VirginFlyer wrote:
Revelation wrote:
VirginFlyer wrote:
It is impossible to do something which it is not capable of doing - in this case flying with just the cargo hold unpressurised. The cabin floor is not a pressure bulkhead, so it is all or nothing: whatever pressure differential you want the cargo hold at is the pressure differential the whole fuselage has to be pressurised at.

Glad to see a.net is upholding its high standard with regard to pedantry. Yes, it is a given that you cannot have "just the cargo hold unpressurized", but this is the 777x testing thread, and yes, you can find some worthwhile testing you can do if the cabin is unpressurized, the experimental certificate allows for this if you choose to do so.

You call it pedantry, I call it addressing a commonly held misconception that certain parts of the pressure vessel can be flown pressurised while other parts are not.

Fair enough. I apologize if I caused any confusion on the issue given I may have misunderstood the point being addressed in this thread.
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iamlucky13
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Re: Boeing 777X Testing Thread - 2019

Mon Sep 30, 2019 9:03 pm

ShamrockBoi330 wrote:
[*]
Scotron12 wrote:
Apart from the engines, anything stopping 1st flight once engines installed??


Exploding doors?


I hope Boeing releases more information on the depressurization soon. Some rumors I heard would really drive home the point about not jumping to conclusions if they turn out to be true.

I'm not going to feed the rumor mill though. Just suggesting that everyone not get too attached to their pet theories on the cause and effects of the depressurization.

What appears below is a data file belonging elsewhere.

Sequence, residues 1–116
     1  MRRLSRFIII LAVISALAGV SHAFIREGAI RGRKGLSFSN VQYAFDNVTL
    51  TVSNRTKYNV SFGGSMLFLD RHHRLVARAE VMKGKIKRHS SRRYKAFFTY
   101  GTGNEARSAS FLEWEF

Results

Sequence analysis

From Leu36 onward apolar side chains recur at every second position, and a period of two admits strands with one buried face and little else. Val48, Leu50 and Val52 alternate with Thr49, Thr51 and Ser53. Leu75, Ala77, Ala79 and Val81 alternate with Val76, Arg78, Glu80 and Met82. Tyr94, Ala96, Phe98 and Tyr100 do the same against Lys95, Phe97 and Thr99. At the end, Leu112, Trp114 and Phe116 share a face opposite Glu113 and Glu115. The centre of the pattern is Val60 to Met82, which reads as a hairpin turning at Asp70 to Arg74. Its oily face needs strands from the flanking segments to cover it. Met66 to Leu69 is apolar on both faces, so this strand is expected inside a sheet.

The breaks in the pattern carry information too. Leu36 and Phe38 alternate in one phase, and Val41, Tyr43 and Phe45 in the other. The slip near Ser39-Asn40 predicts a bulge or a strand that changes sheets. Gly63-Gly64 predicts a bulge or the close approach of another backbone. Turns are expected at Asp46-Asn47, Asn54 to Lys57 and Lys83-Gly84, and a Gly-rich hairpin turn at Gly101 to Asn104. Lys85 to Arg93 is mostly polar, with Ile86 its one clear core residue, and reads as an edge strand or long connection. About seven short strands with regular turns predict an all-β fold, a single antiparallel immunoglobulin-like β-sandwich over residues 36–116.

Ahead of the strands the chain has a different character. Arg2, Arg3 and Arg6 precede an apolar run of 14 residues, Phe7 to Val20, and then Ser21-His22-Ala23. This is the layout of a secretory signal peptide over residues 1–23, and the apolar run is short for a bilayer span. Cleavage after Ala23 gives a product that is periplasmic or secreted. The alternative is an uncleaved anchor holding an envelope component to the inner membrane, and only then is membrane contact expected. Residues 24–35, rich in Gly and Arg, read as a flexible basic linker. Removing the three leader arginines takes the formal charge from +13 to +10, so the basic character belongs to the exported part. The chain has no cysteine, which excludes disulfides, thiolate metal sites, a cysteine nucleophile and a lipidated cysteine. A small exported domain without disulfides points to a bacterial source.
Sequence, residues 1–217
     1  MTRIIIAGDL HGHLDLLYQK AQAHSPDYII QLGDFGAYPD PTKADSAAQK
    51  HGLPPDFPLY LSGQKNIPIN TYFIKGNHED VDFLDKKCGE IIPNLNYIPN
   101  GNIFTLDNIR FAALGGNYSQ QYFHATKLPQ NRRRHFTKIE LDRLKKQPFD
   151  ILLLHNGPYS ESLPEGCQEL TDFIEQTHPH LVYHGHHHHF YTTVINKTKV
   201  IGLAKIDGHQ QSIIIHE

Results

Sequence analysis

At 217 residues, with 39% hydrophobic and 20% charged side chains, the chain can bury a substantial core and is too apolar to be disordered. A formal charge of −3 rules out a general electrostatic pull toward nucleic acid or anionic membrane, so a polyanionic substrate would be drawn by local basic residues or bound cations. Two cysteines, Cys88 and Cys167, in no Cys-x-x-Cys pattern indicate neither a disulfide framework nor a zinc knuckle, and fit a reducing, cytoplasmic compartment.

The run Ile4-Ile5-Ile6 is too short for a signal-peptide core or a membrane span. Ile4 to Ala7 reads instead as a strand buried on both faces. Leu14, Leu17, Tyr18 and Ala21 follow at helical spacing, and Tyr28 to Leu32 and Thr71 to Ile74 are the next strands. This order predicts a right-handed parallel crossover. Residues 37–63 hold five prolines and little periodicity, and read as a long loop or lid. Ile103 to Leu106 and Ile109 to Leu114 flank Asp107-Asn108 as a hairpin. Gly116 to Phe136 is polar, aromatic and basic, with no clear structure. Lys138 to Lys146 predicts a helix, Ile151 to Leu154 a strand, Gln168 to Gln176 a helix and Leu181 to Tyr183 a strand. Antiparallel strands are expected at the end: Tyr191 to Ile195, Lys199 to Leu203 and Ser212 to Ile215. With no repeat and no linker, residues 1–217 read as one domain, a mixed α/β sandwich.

jagraham
Posts: 924
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Re: Boeing 777X Testing Thread - 2019

Mon Sep 30, 2019 9:31 pm

keesje wrote:
VV wrote:
jagraham wrote:

Now that we know it happened at about 149%, maybe not. Should be a quicker fix than the stator vanes. Of course a quick fix will probably add a little weight which the 779 certainly does not need, but they can probably fly by the time the ground testing is complete.


I also think this will be resolved by analysis, just like they did when the A380 static test failed before it reached the ultimate load.

The fact the corrected engines are now delivered to Seattle mens that the aircraft can rerun some functional tests on ground and then re-taxi and re-RTO before the first flight that could potentially happen in December or maybe earlier. Who knows?


I think we would need more backgrounds. Just comparing to a different aircraft, different failure isn't enough. A thourough analyses of the failure should be in place, the failure modes, certification requirements, root causes. Was it shear, dynamic fatigue, deformation of the surrounding structure, different loadpatterns than referenced, maybe a even a manufacturing or assembly error. All should be objectively investigated and solutions be presented to the independent certification body.


Since it was a test, there would be several high speed cameras looking at the fixture. And the parts were recoverable without further damage.
Between the cameras and a few days with the failed parts under a microscope with some expert metallurgists looking at them, I am confident that Boeing knows what the failure mode is by now.